Question: My daughter and her room-mate have been housed in a room that has an elevated mold count. The outside mold count on the day of the test was 2,600 spores per cubic meter of air while the count in the dorm in the dorm room was 10,300. The preliminary test identified three different types of mold spores with readings elevated above outdoor readings. These spore types and readings were as follows:
- Outdoor count: 907 spores/cubic meter of air
- Dorm room count: 6,880 spores/cubic meter of air
- Outdoor count: 533 spores/cubic meter of air
- Indoor count: 3,150 spores/cubic meter of air
Both girls are experiencing some health issues. My daughter is currently in the hospital with some respiratory issues and an infection of the colon. Can you provide me with any input relative to the spore levels identified? Also, I realize that most problems associated with mold are of the respiratory nature, but I am concerned that the colon infection could also be a result of mold toxins. Is this possible? Any input would be appreciated.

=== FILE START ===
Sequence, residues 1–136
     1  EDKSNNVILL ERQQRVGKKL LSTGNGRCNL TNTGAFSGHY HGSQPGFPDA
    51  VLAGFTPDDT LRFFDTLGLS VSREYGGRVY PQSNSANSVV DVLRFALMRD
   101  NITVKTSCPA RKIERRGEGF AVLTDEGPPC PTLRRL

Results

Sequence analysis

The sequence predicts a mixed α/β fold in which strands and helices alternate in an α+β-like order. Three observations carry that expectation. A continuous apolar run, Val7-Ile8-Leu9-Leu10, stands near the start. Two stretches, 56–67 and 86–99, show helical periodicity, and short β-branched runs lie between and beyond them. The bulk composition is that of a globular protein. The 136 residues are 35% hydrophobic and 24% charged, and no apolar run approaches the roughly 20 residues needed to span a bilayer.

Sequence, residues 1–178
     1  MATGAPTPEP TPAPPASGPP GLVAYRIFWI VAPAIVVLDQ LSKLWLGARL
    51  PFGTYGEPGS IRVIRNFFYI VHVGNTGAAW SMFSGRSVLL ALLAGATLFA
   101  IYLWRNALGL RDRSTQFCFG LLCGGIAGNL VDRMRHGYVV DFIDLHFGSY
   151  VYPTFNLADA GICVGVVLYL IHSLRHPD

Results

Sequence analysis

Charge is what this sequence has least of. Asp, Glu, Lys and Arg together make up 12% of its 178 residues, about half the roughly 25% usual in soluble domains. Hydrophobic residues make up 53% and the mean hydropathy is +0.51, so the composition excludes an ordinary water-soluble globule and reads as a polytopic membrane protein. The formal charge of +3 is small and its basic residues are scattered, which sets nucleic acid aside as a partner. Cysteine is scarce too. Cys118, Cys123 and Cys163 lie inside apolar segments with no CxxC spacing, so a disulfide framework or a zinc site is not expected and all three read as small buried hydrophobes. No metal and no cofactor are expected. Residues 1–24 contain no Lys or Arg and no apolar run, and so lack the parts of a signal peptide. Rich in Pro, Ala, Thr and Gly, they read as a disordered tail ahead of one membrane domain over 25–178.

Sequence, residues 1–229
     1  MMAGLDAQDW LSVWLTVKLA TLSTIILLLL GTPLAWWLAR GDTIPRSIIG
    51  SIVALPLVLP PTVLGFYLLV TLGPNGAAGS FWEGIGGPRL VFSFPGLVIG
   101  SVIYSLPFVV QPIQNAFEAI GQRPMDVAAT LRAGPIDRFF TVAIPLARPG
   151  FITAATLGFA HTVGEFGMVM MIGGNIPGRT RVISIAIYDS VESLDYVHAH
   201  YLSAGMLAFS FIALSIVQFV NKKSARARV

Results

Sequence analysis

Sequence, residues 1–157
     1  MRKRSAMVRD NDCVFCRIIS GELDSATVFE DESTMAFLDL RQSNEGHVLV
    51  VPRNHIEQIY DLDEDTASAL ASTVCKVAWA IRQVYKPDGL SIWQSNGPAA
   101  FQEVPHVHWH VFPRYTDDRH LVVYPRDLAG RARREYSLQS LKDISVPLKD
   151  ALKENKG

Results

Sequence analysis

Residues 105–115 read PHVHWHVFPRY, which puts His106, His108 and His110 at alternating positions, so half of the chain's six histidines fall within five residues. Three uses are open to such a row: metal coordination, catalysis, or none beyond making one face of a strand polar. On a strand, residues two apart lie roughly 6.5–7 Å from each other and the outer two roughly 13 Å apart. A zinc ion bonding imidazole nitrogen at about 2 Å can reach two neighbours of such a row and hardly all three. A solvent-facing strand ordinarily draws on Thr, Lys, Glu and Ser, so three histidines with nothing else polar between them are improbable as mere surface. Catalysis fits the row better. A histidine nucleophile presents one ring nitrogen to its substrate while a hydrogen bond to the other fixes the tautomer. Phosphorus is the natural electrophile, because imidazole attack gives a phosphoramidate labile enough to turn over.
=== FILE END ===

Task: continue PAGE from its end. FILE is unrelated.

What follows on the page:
Answer: Currently there are no acceptable levels of airborne mold spores. However, it’s generally agreed that mold is a health hazard and should not be allowed to grow in occupied indoor environments. The common indoor molds are unlikely to cause infection to health individuals. People with weak immune system (immunocompromised), however, could be infected by opportunistic pathogens such as some species of Aspergillus and Fusarium. As for mycotoxins, it is not known whether the indoor air concentrations of airborne mycotoxins become high enough to cause any significant health effects.